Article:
Singer Duffy wants Netflix to remove 365 Days for glorifying sex trafficking, kidnapping and rape

The film has prompted Welsh pop artist Duffy to write an open letter. PHOTO: DUFFY/INSTAGRAM

LOS ANGELES - A zero percent rating on Rotten Tomatoes has not stopped the Polish erotic drama 365 Days from climbing to Netflix's top 10 in numerous countries, including Singapore.

The film has prompted Welsh pop artist Duffy to write an open letter to Netflix's chief executive officer Reed Hastings, asking for the movie to be removed from the streaming platform.

"365 Days glamourises the brutal reality of sex trafficking, kidnapping and rape," Duffy wrote in an open letter, obtained by American tabloid Deadline. "This should not be anyone's idea of entertainment, nor should it be described as such, or be commercialized in this manner."

The singer, whose full name is Aimee Ann Duffy, recently opened up her traumatic experience being kidnapped, drugged and raped in 2010.

"365 Days has brought great hurt to those who have endured the pains and horrors that this film glamourises, for entertainment and for dollars. What I and others who know these injustices need is the exact opposite - a narrative of truth, hope and to be given a voice."

Based on Blanka Lipinska's best selling Polish novel 365 dni, the movie centres around a mafia boss (Italian actor Michele Morrone), who kidnaps a young woman (Polish actress Anna-Maria Sieklucka), and gives her 365 days to fall in love with him.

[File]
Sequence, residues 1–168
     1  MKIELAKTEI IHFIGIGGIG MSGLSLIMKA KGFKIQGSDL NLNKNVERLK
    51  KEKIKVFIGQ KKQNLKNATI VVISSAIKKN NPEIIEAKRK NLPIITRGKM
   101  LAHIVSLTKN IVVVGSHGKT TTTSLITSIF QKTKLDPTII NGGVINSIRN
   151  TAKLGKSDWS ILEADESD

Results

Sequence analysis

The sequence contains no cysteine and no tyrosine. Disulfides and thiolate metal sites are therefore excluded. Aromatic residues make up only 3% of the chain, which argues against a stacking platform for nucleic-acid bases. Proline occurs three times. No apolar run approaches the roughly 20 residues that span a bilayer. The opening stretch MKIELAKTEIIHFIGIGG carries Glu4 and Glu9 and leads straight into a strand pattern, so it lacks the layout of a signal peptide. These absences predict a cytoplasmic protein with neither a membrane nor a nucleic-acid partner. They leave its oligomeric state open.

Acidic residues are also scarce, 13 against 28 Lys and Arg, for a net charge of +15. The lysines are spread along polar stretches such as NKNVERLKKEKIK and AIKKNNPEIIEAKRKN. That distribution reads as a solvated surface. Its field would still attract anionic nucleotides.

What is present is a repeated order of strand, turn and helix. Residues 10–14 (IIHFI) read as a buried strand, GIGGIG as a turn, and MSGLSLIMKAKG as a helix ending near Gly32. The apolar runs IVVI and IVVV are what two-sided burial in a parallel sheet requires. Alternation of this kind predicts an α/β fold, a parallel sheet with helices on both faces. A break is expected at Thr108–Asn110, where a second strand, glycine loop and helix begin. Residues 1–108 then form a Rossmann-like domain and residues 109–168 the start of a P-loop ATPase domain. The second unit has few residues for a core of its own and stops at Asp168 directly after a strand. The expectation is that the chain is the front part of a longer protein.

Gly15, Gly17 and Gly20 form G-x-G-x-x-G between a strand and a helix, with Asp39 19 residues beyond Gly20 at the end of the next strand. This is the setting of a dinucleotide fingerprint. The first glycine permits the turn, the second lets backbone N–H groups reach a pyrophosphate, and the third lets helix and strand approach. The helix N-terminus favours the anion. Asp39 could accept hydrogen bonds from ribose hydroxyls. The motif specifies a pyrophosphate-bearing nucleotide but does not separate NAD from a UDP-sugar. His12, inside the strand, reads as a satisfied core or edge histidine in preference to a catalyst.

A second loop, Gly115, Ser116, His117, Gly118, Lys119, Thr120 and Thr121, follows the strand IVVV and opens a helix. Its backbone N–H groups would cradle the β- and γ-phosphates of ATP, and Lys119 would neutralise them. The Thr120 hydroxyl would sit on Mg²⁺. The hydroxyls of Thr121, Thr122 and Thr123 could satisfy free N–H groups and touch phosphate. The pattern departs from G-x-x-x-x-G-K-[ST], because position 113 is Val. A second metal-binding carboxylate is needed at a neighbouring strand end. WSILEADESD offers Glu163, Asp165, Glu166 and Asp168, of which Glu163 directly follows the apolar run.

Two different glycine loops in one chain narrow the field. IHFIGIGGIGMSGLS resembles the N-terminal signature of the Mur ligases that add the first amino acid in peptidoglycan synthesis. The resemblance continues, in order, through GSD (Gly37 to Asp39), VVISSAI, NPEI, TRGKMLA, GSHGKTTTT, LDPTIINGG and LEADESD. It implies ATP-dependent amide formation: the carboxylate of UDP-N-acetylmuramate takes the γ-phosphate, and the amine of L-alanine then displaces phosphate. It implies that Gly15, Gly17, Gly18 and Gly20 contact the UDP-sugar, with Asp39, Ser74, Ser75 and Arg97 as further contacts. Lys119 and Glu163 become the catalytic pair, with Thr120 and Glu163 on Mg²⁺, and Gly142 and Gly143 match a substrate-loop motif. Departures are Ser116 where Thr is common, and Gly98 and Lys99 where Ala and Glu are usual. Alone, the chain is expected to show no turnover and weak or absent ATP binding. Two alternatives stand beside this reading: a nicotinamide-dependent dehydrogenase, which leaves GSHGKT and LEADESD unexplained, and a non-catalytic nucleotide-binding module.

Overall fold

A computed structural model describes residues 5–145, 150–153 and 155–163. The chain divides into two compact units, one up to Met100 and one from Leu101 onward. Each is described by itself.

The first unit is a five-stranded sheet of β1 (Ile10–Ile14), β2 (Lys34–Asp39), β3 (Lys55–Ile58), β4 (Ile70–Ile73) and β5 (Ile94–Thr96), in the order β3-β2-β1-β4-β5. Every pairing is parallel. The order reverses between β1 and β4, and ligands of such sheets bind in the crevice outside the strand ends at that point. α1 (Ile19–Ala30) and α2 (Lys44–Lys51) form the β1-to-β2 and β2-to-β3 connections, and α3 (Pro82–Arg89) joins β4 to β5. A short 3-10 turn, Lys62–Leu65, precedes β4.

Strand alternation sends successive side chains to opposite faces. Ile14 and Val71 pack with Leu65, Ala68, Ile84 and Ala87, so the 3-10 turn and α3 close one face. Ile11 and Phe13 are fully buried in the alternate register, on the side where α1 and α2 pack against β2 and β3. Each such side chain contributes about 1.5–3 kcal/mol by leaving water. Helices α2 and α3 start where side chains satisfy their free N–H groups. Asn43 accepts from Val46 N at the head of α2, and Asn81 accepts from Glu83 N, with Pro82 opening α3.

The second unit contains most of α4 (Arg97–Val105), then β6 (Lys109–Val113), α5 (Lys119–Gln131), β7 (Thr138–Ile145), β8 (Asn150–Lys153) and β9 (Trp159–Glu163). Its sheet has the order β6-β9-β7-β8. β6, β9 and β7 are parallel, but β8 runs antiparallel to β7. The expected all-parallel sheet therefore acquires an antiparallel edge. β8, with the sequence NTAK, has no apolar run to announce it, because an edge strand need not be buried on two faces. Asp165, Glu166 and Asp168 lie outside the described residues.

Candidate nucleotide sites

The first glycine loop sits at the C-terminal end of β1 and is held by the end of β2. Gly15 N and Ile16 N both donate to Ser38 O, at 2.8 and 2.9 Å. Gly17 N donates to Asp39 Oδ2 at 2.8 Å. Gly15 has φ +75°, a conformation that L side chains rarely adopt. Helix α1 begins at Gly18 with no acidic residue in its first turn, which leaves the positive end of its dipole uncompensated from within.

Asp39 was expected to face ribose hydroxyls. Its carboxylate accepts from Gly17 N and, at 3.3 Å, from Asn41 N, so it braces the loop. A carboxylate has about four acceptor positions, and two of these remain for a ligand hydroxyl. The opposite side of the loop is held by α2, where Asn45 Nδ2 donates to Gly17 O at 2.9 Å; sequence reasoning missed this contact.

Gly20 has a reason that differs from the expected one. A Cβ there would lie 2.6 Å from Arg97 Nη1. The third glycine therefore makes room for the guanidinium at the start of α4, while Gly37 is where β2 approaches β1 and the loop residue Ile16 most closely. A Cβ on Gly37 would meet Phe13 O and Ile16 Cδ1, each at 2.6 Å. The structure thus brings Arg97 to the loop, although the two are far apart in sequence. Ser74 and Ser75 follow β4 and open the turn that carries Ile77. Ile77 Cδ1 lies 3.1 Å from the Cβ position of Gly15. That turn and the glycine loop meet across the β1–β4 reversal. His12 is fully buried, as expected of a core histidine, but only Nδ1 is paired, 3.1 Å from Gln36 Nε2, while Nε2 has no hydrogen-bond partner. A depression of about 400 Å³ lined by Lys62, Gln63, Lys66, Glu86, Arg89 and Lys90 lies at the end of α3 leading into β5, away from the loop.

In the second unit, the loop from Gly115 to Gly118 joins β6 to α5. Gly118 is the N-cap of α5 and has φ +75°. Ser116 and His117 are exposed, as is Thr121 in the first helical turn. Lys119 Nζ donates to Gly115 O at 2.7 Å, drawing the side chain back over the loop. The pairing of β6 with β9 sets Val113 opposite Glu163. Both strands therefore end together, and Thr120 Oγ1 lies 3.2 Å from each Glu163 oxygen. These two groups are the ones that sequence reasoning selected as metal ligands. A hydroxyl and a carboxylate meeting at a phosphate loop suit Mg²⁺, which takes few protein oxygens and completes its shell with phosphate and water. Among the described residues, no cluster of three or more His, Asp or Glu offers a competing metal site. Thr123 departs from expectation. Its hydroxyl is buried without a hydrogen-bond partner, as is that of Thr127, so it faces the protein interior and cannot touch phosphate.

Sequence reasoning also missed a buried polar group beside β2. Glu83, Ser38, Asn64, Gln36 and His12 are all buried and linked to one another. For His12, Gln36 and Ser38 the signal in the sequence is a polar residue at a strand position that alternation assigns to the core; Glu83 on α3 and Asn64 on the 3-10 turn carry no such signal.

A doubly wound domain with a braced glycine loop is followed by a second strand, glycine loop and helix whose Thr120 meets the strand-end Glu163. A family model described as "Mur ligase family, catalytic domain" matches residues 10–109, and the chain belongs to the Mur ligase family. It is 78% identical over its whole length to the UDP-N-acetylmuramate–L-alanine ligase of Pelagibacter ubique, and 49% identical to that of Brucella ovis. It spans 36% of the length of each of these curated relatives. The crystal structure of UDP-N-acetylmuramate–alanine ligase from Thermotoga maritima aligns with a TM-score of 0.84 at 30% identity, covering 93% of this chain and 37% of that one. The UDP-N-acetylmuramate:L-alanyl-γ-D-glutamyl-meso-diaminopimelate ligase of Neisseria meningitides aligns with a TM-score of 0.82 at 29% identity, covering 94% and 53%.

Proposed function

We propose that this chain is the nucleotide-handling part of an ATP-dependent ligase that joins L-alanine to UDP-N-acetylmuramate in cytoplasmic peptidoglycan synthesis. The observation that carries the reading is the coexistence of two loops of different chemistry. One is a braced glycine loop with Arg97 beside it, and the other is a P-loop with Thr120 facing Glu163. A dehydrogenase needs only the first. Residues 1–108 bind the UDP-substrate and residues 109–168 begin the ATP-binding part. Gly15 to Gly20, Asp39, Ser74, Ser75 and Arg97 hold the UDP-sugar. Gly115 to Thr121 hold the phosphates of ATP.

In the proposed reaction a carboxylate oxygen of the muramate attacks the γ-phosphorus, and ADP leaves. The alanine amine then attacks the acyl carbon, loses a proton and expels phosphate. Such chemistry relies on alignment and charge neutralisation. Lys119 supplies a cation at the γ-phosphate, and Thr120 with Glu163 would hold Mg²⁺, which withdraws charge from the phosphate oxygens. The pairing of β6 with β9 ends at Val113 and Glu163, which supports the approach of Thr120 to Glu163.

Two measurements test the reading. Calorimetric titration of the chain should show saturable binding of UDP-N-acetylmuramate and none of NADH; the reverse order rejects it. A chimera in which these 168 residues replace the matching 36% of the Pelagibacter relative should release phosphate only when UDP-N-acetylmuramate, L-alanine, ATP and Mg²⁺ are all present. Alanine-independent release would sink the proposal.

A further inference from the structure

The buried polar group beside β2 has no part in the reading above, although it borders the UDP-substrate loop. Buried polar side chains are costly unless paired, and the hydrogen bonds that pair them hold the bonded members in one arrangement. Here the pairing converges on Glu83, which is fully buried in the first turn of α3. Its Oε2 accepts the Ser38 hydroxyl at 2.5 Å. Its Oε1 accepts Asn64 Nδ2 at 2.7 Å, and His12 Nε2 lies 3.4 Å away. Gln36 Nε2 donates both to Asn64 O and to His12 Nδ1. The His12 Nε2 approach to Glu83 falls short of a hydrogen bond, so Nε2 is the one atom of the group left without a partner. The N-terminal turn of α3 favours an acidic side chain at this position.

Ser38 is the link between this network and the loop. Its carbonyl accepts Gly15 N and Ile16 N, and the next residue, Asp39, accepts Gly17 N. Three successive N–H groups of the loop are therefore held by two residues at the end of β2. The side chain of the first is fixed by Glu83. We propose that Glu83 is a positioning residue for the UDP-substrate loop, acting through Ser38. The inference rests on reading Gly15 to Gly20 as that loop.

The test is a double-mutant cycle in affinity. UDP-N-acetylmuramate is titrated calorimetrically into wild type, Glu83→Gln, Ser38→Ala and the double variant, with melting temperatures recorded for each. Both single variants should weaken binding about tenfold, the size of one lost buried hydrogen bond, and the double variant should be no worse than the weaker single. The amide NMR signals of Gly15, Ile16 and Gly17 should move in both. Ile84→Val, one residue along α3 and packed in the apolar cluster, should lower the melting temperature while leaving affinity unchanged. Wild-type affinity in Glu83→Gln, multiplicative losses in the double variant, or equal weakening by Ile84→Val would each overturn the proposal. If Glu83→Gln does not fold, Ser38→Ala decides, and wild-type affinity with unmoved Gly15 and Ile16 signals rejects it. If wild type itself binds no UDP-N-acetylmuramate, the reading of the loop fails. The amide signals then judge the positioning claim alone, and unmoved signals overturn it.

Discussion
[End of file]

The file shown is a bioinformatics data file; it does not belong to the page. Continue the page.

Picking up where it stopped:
Featuring plenty of nudity and sexual scenes, Netflix has given the movie an R21 rating.

According to USA Today, the film's popularity has astounded film critics. A review of the movie by American magazine The Atlantic said that the film "defies nearly every rule of good filmmaking," while Variety magazine's critic Jessica Kiang described the movie as "thoroughly terrible, politically objectionable, occasionally hilarious".

Aside from the bad filmmaking, many have criticised the film's controversial plot, saying that it glorifies kidnapping, rape culture and Stockholm Syndrome, which is a psychological response that happens when hostages or abuse victims bond with their captors or abusers.

More than 50,000 people have signed a petition calling for the movie to be removed from Netflix.

"These scenes are being watched by millions of impressionable teens and young adults wanting to learn about intimacy," the petition says. "Except this isn't intimacy, this is an assault served to us on a silver platter."

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